Facilitating Large Group Meetings That Get Results Every Time Facilitating large groups of up to 100 or more participants can seem a daunting task. In this paper Sylvia James and colleagues present 10 principles for the design and facilitation of large group meetings.

 Tips for facilitating large groups. This post from Jeanette Long’s Workshops with Wow reminds us that facilitating larger groups provides a different set of challenges for the facilitator and provides a few tips for working with a group this size.

On-line facilitation

www_iconVideo conferencing Holding meetings online can be cost-effective, and is becoming more commonplace. Now, anyone with a broadband Internet connection and a browser can log onto the Internet and take part in or host a web conference, a web and video conference or a webinar. MegaMeeting offers a range of video conferencing services suited to individuals through to a full branded service for large organisations.

www_iconOnline Community Toolkit Thinking about building or hosting an online community? Looking for specific tips, tools and ideas? Start here with this toolkit developed and maintained by Nancy White. This resource covers facilitation techniques, on-line tools, courses and case studies.

Icebreakers

www_iconTop Team-Building Games: Experts Share Their Favorites online. Team-building experts have found that combining fun with learning is one of the most effective ways to improve performance, break down barriers, and tap into hidden potential. Here the SmartSheet team have rounded up nearly 100 of the best games, including favorites from top team-building coaches and consultants. A good selection of icebreakers here regardless of whether your goal is to break the ice, spur creativity, promote better problem solving, or just have fun.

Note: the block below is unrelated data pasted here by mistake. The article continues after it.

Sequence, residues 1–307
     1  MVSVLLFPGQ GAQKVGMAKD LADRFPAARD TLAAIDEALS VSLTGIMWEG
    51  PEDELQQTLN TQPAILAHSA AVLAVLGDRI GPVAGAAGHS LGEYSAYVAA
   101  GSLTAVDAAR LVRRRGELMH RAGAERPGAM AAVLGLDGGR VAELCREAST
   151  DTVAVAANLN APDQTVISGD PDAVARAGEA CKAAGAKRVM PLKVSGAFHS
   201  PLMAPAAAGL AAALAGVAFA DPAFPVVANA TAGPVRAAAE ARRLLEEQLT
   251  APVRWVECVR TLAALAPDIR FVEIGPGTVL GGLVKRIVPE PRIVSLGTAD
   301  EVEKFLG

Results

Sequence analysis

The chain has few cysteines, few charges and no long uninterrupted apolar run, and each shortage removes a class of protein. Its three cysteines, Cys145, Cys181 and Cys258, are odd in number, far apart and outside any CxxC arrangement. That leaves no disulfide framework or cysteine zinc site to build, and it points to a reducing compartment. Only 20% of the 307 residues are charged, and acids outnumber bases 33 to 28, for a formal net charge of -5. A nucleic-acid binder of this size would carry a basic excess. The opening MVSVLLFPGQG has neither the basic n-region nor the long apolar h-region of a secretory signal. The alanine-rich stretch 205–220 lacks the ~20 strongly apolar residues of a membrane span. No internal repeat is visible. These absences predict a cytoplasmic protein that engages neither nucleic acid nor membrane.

Other tips and guides

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Cleaning up digital photos for facilitation

www_iconCleaning Digital Photos of Drawings  One of the big hits from the IFVP 2006 Conference was the Tech Session. There was quite a buzz about the Photoshop demonstration on “cleaning” photos of graphic recording artwork. The instructions are posted here from the Center for Graphic Facilitation site.

www_iconDIY toolkit. The Development Impact and You toolkit has been specially designed for practitioners to dive straight into action. The tools presented here are well established and tested, and grounded in existing theories and practices of innovation, design, and business development. Another section offers a ‘bird’s eye view’ of the main pillars underlying the theory and management of social innovation and for each of these topics there are references for further reading.

www_iconHacking Knowledge: 77 Ways to Learn Faster, Deeper, and Better Life-changing knowledge does typically require advanced learning techniques. In fact, it’s been said that the average adult only uses 10% of his/her brain. Imagine what we may be capable of with more advanced learning techniques. Here are 77 tips related to knowledge and learning to help you on your quest. A few are specifically for students in traditional learning institutions; the rest for self-starters, or those learning on their own. Happy learning.

www_iconIIFAC The facilitation page of the International Institute for Facilitation and Change. Includes Bonfire – a free monthly electronic publication providing facilitation news, tips and thoughts.

www_iconInternational Association of Facilitators’ resource pages They provide useful services and links to facilitation-related tools and resources.

Closing ideas. A few ideas from University of Maine for the end of the workshop or group session. Remember, learners tend to remember primacy (what happens first), recency (what happens last), and the unusual.

The tools here can be used in different ways. They can be used in many aspects of participatory action research, they will help those interested in developing new systems perspectives, and many other forms of collaboration, participation and engagement.